Tag Archives: Ukraine

EU-Ukraine Summit condemns Russia

Charles Michel, President of the European Council, Volodymyr Zelenskyy, President of Ukraine, and Josep Borrell, Vice-President of the European Commission on behalf of Ursula von der Leyen, President of the European Commission, met in Brussels today for the 22nd EU-Ukraine Summit, hold a press-conference and issued a statement.

In the statement they have reiterated their condemnation of Russia’s “aggression”, and “continued to condemn” the “illegal annexation” of Crimea and Sevastopol.

“…We reiterated our strong condemnation of the clear violation of Ukrainian sovereignty and territorial integrity by acts of aggression by the Russian armed forces since February 2014. We continue to condemn the illegal annexation of Crimea and Sevastopol by Russia, the militarisation of the peninsula, the severe deterioration of the human rights situation there as well as restrictions of the freedom of movement for Ukrainian citizens to and from the Crimean Peninsula. We condemned the voting procedures on constitutional amendments of the Russian Federation concluded on 1 July 2020 that took place in the Crimean Peninsula, as well as the election of the so-called “governor of Sevastopol” on 13 September 2020, in violation of international law. We called on Russia to allow unhindered access of international organisations and human rights actors to the areas currently not under the control of Ukraine, including the Crimean Peninsula, and to respect international humanitarian law. We called for the immediate release of all illegally detained and imprisoned Ukrainian citizens in the Crimean Peninsula and in Russia, including Crimean Tatar activists. We continue to call on Russia to ensure unhindered and free passage to and from the Sea of Azov, in accordance with international law. We remain fully committed to implementing and keeping our respective non-recognition policies updated, including through restrictive measures and cooperation in international fora. In this context, we welcomed the diplomatic efforts aimed at restoring Ukraine’s sovereignty and territorial integrity within its internationally recognised borders”.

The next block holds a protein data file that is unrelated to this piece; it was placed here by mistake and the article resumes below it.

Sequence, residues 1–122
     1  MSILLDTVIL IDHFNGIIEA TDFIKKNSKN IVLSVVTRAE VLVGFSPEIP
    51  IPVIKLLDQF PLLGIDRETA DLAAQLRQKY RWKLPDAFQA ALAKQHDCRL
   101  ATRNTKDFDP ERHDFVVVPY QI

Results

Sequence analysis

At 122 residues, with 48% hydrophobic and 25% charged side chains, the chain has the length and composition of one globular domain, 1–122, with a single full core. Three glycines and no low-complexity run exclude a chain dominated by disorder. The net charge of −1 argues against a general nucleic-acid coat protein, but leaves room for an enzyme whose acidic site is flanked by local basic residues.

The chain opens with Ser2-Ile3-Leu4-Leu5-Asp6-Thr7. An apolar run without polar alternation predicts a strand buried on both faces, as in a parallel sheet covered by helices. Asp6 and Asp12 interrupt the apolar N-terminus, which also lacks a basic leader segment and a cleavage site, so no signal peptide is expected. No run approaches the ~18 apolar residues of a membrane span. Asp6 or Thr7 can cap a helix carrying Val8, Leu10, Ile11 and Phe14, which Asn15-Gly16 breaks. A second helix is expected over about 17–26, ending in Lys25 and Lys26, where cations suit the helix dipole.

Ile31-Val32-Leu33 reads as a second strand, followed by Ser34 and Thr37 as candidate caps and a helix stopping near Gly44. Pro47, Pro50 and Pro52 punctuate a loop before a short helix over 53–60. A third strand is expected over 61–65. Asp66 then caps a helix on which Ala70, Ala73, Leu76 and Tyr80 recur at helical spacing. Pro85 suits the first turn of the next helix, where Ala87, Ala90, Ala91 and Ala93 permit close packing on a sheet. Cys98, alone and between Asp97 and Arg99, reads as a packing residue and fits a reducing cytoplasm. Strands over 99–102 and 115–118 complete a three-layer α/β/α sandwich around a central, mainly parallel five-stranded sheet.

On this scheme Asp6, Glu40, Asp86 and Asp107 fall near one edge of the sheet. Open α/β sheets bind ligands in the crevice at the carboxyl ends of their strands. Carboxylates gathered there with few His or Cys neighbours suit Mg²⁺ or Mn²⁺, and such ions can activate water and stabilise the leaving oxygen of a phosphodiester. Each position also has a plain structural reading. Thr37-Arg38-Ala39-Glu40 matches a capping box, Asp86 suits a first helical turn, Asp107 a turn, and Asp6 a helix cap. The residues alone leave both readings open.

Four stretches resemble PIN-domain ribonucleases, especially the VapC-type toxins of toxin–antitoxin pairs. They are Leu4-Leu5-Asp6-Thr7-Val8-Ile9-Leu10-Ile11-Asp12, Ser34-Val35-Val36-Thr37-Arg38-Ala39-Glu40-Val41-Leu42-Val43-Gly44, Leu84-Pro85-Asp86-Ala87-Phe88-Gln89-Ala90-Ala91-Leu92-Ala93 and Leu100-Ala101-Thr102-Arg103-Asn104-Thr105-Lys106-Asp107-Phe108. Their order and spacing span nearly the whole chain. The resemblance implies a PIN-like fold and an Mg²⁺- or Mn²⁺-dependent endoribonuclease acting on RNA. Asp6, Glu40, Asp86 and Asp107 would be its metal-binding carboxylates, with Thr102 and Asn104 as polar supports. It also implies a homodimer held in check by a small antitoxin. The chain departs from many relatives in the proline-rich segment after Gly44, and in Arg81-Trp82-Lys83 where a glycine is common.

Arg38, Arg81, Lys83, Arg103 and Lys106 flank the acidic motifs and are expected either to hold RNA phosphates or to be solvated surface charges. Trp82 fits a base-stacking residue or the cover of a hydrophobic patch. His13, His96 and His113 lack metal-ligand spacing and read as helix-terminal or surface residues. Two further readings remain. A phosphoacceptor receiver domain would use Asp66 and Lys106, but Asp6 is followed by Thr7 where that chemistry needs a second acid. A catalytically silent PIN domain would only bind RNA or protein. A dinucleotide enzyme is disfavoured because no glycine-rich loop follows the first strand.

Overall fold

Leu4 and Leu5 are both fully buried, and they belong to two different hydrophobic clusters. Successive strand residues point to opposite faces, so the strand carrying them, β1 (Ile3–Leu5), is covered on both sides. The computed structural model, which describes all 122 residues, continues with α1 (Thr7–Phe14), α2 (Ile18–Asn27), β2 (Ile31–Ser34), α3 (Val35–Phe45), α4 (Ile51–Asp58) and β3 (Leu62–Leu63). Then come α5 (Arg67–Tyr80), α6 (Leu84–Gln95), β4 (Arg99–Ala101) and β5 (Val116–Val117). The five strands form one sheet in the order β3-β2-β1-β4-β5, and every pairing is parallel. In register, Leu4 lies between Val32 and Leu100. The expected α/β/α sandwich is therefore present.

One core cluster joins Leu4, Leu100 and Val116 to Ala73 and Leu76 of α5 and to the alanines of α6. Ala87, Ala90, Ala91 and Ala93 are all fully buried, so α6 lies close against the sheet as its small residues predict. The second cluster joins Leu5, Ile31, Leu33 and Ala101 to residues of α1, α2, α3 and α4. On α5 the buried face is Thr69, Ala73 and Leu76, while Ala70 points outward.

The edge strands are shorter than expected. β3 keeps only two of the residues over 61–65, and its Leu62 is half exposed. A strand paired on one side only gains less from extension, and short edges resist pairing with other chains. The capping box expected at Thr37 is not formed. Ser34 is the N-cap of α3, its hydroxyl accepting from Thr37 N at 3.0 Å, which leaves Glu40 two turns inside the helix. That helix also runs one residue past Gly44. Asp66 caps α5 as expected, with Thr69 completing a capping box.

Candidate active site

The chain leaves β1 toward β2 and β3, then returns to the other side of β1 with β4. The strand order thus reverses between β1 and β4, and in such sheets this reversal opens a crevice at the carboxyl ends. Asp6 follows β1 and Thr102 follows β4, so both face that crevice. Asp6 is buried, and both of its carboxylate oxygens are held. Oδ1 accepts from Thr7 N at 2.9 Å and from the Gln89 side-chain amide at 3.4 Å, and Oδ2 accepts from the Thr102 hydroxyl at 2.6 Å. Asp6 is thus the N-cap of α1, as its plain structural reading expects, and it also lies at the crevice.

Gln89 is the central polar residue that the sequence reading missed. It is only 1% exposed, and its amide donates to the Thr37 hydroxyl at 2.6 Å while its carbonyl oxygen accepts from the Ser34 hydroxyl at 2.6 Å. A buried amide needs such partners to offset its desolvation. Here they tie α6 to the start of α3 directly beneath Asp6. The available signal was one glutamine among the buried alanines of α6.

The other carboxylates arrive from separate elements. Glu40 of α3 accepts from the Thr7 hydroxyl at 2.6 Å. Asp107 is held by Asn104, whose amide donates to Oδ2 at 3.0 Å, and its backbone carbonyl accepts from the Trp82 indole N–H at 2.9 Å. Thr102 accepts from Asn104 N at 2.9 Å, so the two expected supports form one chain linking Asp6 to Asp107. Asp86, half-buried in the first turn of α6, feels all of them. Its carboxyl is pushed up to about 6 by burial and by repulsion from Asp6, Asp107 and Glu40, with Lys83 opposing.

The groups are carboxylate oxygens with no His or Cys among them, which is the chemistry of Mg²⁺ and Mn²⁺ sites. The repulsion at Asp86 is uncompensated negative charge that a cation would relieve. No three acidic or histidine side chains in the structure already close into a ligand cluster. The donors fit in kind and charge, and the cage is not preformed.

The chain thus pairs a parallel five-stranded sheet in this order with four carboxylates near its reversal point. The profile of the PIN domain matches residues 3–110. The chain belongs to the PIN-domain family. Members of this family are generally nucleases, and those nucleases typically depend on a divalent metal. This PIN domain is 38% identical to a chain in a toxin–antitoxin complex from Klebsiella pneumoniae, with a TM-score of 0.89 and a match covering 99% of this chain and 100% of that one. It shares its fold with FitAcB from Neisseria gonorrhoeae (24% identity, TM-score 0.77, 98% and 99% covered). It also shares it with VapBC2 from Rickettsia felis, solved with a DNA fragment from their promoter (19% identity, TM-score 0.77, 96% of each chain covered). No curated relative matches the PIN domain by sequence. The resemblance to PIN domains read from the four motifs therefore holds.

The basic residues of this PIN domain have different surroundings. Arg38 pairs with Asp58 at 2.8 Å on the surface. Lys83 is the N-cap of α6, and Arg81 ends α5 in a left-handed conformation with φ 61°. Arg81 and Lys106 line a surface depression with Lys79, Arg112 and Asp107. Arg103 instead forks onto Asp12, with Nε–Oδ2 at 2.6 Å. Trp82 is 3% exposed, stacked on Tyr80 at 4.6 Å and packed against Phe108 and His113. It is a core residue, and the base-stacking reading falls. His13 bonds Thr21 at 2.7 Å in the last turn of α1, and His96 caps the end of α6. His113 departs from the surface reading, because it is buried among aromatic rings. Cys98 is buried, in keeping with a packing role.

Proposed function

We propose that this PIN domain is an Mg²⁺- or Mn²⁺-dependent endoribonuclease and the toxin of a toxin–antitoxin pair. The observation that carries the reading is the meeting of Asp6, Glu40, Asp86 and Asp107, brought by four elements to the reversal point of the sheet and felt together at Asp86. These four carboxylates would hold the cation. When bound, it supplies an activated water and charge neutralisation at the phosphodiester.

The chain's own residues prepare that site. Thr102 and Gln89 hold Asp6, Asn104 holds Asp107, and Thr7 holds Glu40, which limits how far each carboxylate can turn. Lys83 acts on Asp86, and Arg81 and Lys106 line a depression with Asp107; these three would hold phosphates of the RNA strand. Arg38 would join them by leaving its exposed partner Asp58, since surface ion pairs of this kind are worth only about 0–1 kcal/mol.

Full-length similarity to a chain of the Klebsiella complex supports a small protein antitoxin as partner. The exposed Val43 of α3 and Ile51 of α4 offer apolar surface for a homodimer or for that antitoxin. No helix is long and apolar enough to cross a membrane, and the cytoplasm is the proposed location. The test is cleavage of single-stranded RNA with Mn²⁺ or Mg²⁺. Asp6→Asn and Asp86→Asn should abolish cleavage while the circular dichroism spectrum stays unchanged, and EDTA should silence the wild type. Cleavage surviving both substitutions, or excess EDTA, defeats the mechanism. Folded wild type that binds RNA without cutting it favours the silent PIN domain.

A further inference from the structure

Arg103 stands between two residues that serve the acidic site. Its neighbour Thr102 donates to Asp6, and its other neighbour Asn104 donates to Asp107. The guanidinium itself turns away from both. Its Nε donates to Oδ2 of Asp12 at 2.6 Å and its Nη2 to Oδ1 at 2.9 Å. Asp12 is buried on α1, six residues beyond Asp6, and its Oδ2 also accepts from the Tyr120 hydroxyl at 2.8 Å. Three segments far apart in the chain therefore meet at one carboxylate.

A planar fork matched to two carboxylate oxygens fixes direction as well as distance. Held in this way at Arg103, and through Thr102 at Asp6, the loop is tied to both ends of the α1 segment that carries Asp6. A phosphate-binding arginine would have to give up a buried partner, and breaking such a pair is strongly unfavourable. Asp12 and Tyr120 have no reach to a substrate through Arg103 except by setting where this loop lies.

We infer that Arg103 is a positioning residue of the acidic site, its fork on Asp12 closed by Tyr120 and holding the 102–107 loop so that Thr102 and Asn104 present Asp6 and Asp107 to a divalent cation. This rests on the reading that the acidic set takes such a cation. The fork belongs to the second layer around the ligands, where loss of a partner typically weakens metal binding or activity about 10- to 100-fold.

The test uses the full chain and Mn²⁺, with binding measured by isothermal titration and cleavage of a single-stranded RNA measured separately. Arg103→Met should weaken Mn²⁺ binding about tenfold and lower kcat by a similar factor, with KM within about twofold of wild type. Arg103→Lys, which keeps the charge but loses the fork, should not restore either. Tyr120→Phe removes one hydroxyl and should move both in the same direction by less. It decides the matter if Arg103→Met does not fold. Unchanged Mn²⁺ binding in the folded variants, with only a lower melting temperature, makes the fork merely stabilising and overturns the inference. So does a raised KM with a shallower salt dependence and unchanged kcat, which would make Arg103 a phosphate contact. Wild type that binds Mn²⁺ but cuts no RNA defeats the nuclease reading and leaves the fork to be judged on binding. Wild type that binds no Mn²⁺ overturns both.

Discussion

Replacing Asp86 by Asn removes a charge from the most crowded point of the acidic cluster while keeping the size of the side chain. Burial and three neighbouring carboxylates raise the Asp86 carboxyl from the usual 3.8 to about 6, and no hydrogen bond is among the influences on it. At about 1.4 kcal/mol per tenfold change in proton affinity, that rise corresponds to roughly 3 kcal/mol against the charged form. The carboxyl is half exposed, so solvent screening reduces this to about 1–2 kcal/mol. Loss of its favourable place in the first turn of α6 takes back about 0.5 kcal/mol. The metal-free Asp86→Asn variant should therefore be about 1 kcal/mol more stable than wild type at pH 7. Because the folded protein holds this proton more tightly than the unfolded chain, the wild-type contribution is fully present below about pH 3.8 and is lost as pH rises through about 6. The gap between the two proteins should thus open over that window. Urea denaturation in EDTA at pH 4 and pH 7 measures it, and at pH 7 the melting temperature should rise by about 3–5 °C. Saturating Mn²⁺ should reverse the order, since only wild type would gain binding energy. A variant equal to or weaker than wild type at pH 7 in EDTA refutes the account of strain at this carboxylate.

We reaffirmed our full support to the endeavours of the Normandy format, the OSCE, the Trilateral Contact Group and the OSCE Special Monitoring Mission to Ukraine. We welcomed the renewed engagement by the parties at the Normandy Summit in Paris last December, and stressed the importance of implementing the measures agreed on that occasion in view of the full implementation of the Minsk agreements by all sides, underlining Russia’s responsibility in this regard. We praised the constructive approach of Ukraine in the Normandy format and the Trilateral Contact Group and called on Russia to reciprocate. The comprehensive and unlimited ceasefire is an achievement that should be preserved.

“We called on Russia to fully assume its responsibility in this regard and to use its considerable influence over the armed formations it backs to meet the Minsk commitments in full and to ensure free and unhindered access of the OSCE Special Monitoring Mission to the non-government-controlled areas of Ukraine, including the areas along the Ukrainian-Russian State border, in accordance with its mandate. We again called on Russia to immediately stop fuelling the conflict by providing financial and military support to the armed formations it backs, and we remain deeply concerned about the presence of Russian military equipment and personnel in the non-government-controlled areas of Ukraine. We reiterated our condemnation of the Russian continuing measures entitling Ukrainian citizens of the areas currently not under the control of the Government to apply for Russian citizenship in a simplified manner, in contradiction to the Minsk agreements. The EU recently renewed its economic sanctions on Russia, whose duration remains clearly linked to the full implementation of the Minsk agreements.

“We agreed to continue cooperating to address the socio-economic and humanitarian consequences of the conflict, highlighting the necessity to ensure the supply of water, electricity and gas across the contact line, to facilitate the movement of people and goods, and to ensure that the people living in areas not under Government’s control fully benefit from their rights as citizens of Ukraine, in full respect of international humanitarian law. In the circumstances of the COVID-19 pandemic, it is even more essential that humanitarian aid continues to be delivered and that the OSCE Special Monitoring Mission, UN agencies, non-governmental organisations and the International Committee of the Red Cross have unimpeded access to the non-government controlled areas. We underlined the importance of pursuing demining activities also in new areas to be agreed. We also agreed on the need for Ukraine to establish a national mine action centre in order to effectively address the contamination by mines and unexploded ordnances in the conflict affected region. The EU stands ready to further support Ukraine’s inclusive approach towards its citizens in the affected areas and to play a leading role in reconstruction efforts of the country, including in certain areas of Donetsk and Luhansk regions, once the Minsk agreements have been implemented…”

Crimea water supply prospects

The Head of Crimea, Sergey Aksenov, claims that the situation with the “water shortage” in Simferopol will be resolved in March 2021 thanks to new wells. As reported by “Interfax”, he made this announcement at a meeting of the operational headquarters for the city’s water supply. The Human Right to Water and Sanitation (HRWAS) was recognised as a “human right” by the United Nations General Assembly on 28 July 2010.